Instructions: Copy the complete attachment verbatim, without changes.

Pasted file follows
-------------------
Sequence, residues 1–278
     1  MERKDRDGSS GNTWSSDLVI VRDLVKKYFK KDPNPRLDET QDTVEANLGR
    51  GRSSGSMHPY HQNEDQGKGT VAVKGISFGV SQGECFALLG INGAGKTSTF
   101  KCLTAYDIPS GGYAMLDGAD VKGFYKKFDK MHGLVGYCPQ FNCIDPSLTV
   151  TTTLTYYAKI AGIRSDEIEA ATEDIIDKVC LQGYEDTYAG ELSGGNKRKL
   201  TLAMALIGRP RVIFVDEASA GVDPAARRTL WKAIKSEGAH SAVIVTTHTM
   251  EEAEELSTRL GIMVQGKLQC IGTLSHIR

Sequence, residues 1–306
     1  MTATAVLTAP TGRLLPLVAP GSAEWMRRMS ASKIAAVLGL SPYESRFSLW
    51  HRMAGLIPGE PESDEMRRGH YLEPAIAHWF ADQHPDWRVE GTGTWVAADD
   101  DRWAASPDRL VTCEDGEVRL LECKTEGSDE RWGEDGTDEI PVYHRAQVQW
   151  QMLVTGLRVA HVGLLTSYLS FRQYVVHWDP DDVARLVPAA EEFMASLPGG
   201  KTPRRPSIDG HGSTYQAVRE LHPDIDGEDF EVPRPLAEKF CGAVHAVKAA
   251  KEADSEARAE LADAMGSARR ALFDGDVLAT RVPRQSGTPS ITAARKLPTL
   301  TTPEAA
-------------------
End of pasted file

Sequence, residues 1–278
     1  MERKDRDGSS GNTWSSDLVI VRDLVKKYFK KDPNPRLDET QDTVEANLGR
    51  GRSSGSMHPY HQNEDQGKGT VAVKGISFGV SQGECFALLG INGAGKTSTF
   101  KCLTAYDIPS GGYAMLDGAD VKGFYKKFDK MHGLVGYCPQ FNCIDPSLTV
   151  TTTLTYYAKI AGIRSDEIEA ATEDIIDKVC LQGYEDTYAG ELSGGNKRKL
   201  TLAMALIGRP RVIFVDEASA GVDPAARRTL WKAIKSEGAH SAVIVTTHTM
   251  EEAEELSTRL GIMVQGKLQC IGTLSHIR

Sequence, residues 1–306
     1  MTATAVLTAP TGRLLPLVAP GSAEWMRRMS ASKIAAVLGL SPYESRFSLW
    51  HRMAGLIPGE PESDEMRRGH YLEPAIAHWF ADQHPDWRVE GTGTWVAADD
   101  DRWAASPDRL VTCEDGEVRL LECKTEGSDE RWGEDGTDEI PVYHRAQVQW
   151  QMLVTGLRVA HVGLLTSYLS FRQYVVHWDP DDVARLVPAA EEFMASLPGG
   201  KTPRRPSIDG HGSTYQAVRE LHPDIDGEDF EVPRPLAEKF CGAVHAVKAA
   251  KEADSEARAE LADAMGSARR ALFDGDVLAT RVPRQSGTPS ITAARKLPTL
   301  TTPEAA